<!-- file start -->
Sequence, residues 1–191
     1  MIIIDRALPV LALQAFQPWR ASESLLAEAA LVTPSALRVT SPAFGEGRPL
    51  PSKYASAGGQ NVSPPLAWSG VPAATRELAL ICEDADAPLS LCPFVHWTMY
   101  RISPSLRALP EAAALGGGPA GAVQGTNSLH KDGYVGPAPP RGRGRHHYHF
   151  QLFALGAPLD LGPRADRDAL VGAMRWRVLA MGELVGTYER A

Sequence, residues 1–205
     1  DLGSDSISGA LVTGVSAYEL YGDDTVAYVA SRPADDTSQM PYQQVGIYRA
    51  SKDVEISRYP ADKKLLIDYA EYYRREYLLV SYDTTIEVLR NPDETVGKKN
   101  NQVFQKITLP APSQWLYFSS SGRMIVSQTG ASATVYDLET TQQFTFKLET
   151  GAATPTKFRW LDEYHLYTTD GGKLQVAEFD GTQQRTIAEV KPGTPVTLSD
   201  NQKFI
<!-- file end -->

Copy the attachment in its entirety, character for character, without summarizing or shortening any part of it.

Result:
Sequence, residues 1–191
     1  MIIIDRALPV LALQAFQPWR ASESLLAEAA LVTPSALRVT SPAFGEGRPL
    51  PSKYASAGGQ NVSPPLAWSG VPAATRELAL ICEDADAPLS LCPFVHWTMY
   101  RISPSLRALP EAAALGGGPA GAVQGTNSLH KDGYVGPAPP RGRGRHHYHF
   151  QLFALGAPLD LGPRADRDAL VGAMRWRVLA MGELVGTYER A

Sequence, residues 1–205
     1  DLGSDSISGA LVTGVSAYEL YGDDTVAYVA SRPADDTSQM PYQQVGIYRA
    51  SKDVEISRYP ADKKLLIDYA EYYRREYLLV SYDTTIEVLR NPDETVGKKN
   101  NQVFQKITLP APSQWLYFSS SGRMIVSQTG ASATVYDLET TQQFTFKLET
   151  GAATPTKFRW LDEYHLYTTD GGKLQVAEFD GTQQRTIAEV KPGTPVTLSD
   201  NQKFI